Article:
The evolutionary dynamics of language change
Languages evolve – they are comprised of a set of traits, which vary between sister languages, and some of these variants survive better as the language diversifies. Understanding why and how the subsystems of languages differ in their evolutionary dynamics is a key question for linguistics. One of the most fundamental dynamics is the rate of change. It is commonly thought that the rapid rate of change hampers the reconstruction of deep language relationships and there are suggestions that grammatical structures might be more stable over time than other subsystems such as basic vocabulary. However, stability is not the only thing we care about. Rather, the relative rates and patterns can tell us about the different forces driving language change.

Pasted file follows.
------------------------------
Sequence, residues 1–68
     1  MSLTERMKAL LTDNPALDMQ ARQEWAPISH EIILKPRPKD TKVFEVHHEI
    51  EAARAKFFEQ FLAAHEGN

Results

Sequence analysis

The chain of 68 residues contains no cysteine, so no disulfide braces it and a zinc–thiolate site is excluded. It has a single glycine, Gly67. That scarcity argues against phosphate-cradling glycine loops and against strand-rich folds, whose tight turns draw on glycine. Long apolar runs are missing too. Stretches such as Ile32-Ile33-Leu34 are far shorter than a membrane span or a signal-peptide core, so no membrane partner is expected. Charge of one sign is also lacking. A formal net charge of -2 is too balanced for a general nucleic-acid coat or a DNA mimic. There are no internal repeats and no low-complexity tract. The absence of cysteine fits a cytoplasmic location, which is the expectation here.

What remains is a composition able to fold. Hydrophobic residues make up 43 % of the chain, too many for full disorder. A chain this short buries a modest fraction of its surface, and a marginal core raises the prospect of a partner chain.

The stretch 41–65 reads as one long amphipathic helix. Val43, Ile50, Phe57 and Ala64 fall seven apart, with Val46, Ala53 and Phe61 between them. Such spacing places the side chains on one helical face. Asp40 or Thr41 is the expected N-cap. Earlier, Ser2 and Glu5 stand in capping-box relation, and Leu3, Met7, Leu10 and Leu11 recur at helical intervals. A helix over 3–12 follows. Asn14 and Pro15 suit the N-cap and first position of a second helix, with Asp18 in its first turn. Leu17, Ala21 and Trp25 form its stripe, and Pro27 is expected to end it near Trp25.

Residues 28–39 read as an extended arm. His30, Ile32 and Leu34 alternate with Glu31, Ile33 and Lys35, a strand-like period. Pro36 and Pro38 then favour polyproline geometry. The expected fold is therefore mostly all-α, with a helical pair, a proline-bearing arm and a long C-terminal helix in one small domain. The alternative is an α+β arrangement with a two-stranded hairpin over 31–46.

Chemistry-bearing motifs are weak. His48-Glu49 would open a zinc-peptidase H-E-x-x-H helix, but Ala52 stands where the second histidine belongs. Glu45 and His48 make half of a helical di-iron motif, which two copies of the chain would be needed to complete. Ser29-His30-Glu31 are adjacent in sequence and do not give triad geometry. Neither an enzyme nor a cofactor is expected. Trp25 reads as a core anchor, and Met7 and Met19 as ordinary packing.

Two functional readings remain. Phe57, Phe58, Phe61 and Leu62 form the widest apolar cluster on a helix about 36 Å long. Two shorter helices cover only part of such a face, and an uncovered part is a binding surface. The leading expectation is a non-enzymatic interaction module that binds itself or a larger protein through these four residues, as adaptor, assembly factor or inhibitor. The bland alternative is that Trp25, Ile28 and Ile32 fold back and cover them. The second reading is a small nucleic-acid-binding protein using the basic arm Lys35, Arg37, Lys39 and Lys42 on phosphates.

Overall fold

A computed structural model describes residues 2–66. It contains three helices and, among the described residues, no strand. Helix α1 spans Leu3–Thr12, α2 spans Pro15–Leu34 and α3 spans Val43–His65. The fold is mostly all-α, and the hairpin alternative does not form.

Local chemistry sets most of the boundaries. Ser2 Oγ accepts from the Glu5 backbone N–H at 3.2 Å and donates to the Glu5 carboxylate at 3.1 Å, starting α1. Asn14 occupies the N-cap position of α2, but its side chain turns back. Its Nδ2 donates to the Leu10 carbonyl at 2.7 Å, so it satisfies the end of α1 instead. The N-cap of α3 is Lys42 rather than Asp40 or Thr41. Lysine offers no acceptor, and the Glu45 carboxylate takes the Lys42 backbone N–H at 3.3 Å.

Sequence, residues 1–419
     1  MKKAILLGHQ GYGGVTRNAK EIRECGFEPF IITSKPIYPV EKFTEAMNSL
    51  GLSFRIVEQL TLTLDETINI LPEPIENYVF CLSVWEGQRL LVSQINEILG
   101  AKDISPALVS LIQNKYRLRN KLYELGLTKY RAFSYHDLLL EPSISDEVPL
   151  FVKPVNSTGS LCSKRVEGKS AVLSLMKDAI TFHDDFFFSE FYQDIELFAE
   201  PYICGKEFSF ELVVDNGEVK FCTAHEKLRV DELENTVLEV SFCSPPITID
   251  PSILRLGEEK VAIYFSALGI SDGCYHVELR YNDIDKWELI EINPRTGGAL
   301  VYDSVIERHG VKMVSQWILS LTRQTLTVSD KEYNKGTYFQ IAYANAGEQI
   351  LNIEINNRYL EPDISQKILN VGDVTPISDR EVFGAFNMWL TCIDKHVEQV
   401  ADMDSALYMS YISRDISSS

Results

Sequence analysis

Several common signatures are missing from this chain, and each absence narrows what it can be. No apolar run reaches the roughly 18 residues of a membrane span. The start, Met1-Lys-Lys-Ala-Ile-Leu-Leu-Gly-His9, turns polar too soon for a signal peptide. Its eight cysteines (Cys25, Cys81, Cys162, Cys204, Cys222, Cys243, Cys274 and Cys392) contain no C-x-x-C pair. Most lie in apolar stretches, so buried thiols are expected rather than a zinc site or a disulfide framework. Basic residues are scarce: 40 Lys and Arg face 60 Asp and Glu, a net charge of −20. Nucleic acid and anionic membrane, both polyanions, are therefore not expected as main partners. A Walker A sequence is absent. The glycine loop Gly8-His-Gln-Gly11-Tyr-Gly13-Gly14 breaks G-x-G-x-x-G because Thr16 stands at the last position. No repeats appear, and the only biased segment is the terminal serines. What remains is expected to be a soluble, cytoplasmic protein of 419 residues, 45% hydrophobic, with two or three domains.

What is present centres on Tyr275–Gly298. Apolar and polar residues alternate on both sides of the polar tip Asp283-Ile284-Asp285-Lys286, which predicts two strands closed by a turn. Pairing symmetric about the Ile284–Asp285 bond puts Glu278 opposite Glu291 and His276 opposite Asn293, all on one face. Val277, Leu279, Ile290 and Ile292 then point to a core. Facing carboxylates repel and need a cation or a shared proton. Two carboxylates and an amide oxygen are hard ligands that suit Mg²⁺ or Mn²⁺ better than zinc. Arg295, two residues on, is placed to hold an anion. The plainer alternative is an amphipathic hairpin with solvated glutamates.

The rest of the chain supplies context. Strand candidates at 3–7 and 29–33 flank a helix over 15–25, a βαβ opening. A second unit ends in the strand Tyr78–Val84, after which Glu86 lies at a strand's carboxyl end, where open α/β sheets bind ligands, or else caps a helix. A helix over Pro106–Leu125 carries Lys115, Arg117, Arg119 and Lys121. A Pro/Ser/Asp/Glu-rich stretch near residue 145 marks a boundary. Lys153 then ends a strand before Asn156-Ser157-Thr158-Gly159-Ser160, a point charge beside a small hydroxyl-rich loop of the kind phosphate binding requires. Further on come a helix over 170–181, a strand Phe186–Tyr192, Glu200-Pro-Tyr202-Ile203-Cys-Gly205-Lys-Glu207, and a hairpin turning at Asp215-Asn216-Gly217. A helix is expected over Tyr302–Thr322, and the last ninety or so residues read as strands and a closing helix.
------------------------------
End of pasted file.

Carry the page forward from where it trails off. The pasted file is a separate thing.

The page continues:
Here we apply a novel evolutionary method to infer the rates of change in lexical and grammatical data from 81 Austronesian languages. Our results show that most grammatical features actually change faster than items of basic vocabulary, but that there is a core that are highly stable. Strikingly, the slowly evolving grammatical features tend to be those that are more covert and less available to sociolinguistic reflection by speakers. Further, the lexicon shows more changes linked to language diversification events than the grammar, while the grammar shows higher rates of conflicting signal ('homoplasy'). Our results suggest that different subsystems of language have differing dynamics driven by different causal factors.